Generally this invention provides in a motor vehicle having a tractor portion containing an engine for moving said vehicle and a trailer portion for containing a substantial portion of the vehicle load wherein the said trailer connects to the tractor portion near a set of rear wheels, above said rear wheels and between said rear wheels and a set of front steering wheels by an adjustable pivot point so that a major portion of the connecting load of the said trailer rests on said rear wheels and the portion of said load on said rear wheels can be adjusted by moving said pivot point forward and rearward between said rear wheels and said front wheels, wherein the front steering wheels are attached to the frame of said tractor by a set of leaf springs attached to the frame and an axle bearing said steering wheels, the improvement comprising mounting an adjustable air bellows spring means directly on and above the front leaf spring and directly below the frame of said tractor wherein the air springs bellows is mounted at a point directly above the longitudinal center line of said leaf spring and at a point above said leaf spring between the point of attachment of the axle for said steering wheels and said leaf spring and the rear shackle of said leaf spring, wherein said air bellows air spring is connected to the frame of said tractor directly above the air bellows air spring, and wherein the air pressure can be manually adjusted by the tractor driver so that the air bellows air spring exerts the desired force between the tractor frame and the front leaf spring which desired force can be adjusted by the driver according to the load distribution between the front wheels and rear wheels of said tractor and the road conditions for optimum driving conditions of said tractor.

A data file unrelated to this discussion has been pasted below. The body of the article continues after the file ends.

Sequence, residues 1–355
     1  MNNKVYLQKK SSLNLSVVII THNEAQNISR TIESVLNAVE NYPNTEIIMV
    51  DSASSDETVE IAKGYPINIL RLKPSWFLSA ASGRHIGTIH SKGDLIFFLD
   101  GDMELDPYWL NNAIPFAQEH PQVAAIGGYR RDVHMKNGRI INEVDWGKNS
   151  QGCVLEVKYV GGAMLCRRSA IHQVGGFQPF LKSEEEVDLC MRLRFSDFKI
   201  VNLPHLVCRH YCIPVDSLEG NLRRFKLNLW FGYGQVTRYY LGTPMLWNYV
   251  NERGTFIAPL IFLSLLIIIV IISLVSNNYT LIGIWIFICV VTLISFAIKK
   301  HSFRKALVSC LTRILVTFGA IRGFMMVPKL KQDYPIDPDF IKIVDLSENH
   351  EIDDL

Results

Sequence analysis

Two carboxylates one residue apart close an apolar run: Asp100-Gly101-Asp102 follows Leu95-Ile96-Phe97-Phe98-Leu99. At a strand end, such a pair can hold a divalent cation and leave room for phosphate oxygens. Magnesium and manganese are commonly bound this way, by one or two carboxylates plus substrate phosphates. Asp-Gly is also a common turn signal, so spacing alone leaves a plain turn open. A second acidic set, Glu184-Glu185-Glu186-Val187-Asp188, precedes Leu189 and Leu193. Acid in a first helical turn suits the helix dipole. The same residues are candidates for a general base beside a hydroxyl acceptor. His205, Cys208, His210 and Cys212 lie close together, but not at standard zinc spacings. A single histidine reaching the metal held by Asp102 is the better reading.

BRIEF DESCRIPTION OF THE DRAWINGS

FIG. 1 is a side view or elevation of a tractor trailer motor vehicle showing location of the front steering wheels, the driving wheels, the fifth wheel and the trailer components.

FIG. 2 is a front cutaway view of a tractor showing the location of the front steering wheels, axle, frame, leaf springs and air bellows.

FIG. 3 is a cutaway view of the left front quarter of a tractor showing the location of the left front wheel the axle, the leaf spring, mounting brackets and air bellows mounting.

FIG. 4 is a side view of a typical truck frame with leaf spring showing location and connection of the air bellows spring and air supply means.

FIG. 5 is a diagram of the front view of the frame and axle arrangement of FIG. 4.

FIG. 6 is a front view of the lower mounting details of an air spring assembly.

FIG. 7 is an exploded view of an air spring assemble showing the top and bottom mounting brackets.

FIG. 8 is a front view of another air spring mounting assembly.